In this news article, Jana takes a look at how smart farming may change our work and lives.
With current projections of the world’s population expected to increase exponentially, smart farming technology has emerged to meet the equally increasing food needs of future generations.
Already, 50% of Irish farmers now use some form of smart farming technology to improve their yields, such as smart soil fertilisation optimisation, weather stations, or automatic watering systems.
These sustainable farming solutions are essential to supporting and developing agriculture companies but have raised questions about whether this AI technology will make the role of human labour obsolete.
Read on to see the benefits of smart farming and how it will impact our work and lives:
Higher crop yields
The world population is drastically increasing, and we need to find a sustainable way to keep everybody fed.
Traditional agriculture methods produce underperforming crops, but smart farming technology means farmers can consistently grow healthy and even crops.
Smart farming optimises fuel usage and increases work efficiency. It allows farmers and labourers to be much more precise, reducing the usage of farming equipment and saving money on fuel. This leaves less room for human error and wasted resources.
Reduced use of water and fertiliser
Traditional farming techniques use alarming amounts of pesticides and water.
Smart farming makes this use way more efficient by using the right number of resources and only when necessary.
AI systems can use satellite images and compare them to past data before sending an alert to farmers to take precautions against pests.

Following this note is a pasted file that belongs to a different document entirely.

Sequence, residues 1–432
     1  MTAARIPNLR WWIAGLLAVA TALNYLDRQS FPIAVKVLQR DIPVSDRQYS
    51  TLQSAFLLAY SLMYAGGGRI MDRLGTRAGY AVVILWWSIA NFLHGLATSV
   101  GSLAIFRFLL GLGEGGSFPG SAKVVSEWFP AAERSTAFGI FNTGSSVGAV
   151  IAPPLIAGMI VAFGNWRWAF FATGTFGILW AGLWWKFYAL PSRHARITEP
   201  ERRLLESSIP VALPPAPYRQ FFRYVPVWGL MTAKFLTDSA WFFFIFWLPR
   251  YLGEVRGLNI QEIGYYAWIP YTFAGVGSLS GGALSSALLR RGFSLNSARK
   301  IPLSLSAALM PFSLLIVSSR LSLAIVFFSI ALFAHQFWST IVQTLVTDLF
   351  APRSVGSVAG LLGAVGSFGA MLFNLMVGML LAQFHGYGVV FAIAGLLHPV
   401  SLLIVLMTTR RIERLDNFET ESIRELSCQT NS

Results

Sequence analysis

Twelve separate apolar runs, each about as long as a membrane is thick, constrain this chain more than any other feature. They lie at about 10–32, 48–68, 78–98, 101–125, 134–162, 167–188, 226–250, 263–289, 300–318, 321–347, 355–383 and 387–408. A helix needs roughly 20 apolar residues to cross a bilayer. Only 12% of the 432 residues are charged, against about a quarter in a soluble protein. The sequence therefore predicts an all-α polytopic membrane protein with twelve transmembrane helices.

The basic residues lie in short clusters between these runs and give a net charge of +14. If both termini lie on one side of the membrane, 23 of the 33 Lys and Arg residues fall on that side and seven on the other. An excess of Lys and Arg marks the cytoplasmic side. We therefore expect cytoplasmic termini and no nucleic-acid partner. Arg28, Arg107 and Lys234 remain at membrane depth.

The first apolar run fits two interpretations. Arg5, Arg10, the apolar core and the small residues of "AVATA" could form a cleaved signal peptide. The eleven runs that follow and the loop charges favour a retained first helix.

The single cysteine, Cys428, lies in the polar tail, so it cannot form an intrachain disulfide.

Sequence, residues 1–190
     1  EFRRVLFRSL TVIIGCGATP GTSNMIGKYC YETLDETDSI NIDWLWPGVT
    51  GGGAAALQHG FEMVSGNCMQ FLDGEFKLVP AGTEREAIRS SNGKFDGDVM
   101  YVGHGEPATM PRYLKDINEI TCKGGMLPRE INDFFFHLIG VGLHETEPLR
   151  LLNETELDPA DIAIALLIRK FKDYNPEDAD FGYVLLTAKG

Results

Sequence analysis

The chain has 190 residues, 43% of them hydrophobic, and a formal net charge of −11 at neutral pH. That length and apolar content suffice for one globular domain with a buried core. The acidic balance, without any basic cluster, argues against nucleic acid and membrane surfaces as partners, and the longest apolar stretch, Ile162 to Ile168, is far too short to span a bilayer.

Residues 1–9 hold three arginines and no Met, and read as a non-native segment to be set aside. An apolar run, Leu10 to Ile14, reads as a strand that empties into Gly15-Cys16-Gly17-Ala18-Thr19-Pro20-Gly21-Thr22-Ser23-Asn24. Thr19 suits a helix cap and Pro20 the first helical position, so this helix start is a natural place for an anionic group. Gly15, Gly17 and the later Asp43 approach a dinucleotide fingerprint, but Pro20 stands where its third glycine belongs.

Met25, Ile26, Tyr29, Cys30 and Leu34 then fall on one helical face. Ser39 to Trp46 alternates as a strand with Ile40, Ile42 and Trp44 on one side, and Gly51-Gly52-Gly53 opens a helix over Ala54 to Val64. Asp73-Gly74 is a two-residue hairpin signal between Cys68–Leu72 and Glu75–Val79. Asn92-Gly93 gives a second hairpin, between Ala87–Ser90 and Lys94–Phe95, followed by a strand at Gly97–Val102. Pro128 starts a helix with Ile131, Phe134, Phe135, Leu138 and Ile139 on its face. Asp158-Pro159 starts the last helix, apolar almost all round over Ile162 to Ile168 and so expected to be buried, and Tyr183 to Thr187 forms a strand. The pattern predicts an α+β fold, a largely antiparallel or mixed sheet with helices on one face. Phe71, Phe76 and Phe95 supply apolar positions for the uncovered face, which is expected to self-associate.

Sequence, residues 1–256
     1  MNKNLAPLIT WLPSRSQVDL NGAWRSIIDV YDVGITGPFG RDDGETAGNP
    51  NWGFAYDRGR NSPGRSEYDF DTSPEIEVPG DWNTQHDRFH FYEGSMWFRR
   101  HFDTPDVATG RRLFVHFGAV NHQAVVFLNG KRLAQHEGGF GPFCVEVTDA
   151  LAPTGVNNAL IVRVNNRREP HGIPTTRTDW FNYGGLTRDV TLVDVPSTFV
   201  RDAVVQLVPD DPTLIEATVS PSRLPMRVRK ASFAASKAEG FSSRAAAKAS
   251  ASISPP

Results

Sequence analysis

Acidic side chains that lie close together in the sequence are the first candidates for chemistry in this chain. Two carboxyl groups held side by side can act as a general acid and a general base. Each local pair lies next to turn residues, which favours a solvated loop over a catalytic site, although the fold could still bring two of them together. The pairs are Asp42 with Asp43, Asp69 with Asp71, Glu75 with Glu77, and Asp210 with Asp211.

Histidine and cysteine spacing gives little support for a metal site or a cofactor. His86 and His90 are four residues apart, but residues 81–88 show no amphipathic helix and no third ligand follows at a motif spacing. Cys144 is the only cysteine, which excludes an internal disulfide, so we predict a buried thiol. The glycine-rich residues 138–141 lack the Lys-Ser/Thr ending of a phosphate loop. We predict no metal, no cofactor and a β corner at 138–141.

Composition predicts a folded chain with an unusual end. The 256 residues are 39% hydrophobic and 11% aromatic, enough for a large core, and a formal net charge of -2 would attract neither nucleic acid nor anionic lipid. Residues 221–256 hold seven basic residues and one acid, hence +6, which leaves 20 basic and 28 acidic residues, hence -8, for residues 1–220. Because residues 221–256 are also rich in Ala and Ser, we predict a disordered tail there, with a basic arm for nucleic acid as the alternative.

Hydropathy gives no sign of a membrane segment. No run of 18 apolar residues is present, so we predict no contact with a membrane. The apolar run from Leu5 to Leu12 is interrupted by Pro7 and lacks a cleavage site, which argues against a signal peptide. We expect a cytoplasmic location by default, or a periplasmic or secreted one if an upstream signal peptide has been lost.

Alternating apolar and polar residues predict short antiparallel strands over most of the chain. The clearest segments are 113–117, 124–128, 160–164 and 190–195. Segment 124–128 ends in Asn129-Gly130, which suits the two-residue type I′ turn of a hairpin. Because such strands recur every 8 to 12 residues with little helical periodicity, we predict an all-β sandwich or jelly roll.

Reduced environmental impact
Environmental sustainability is a global priority and smart farming is key to developing sustainable agriculture.
We know what the environmental impacts of using pesticides are, as well as the effects of water usage and livestock rearing.
Smart farming works to mitigate this by reducing the ecological footprint of farming.
So, will humans be replaced?
Yes and no. Farming technology has already replaced workers to an extent but only because the demand for agriculture workers is not being met.
AI cannot thoroughly do the job of human workers, but it is filling the gaps in the industry and allowing farms to stay in business.
Smart farming has also allowed farmers to become more streamlined and efficient, but it is not perfect.
AI technology can prune, plant, and package, but it cannot distinguish between fruit and vegetable sizes, and it is a difficult task to make sure produce is handled gently.
In short, smart farming technology is meeting the ever-growing agriculture demands of an increasing population and filling the gaps in the agriculture industry.
But nothing will beat the accuracy of the human touch, so there will be space for human labour in the future.
Previous article from Jana, which explores better prevention of accidents in agriculture.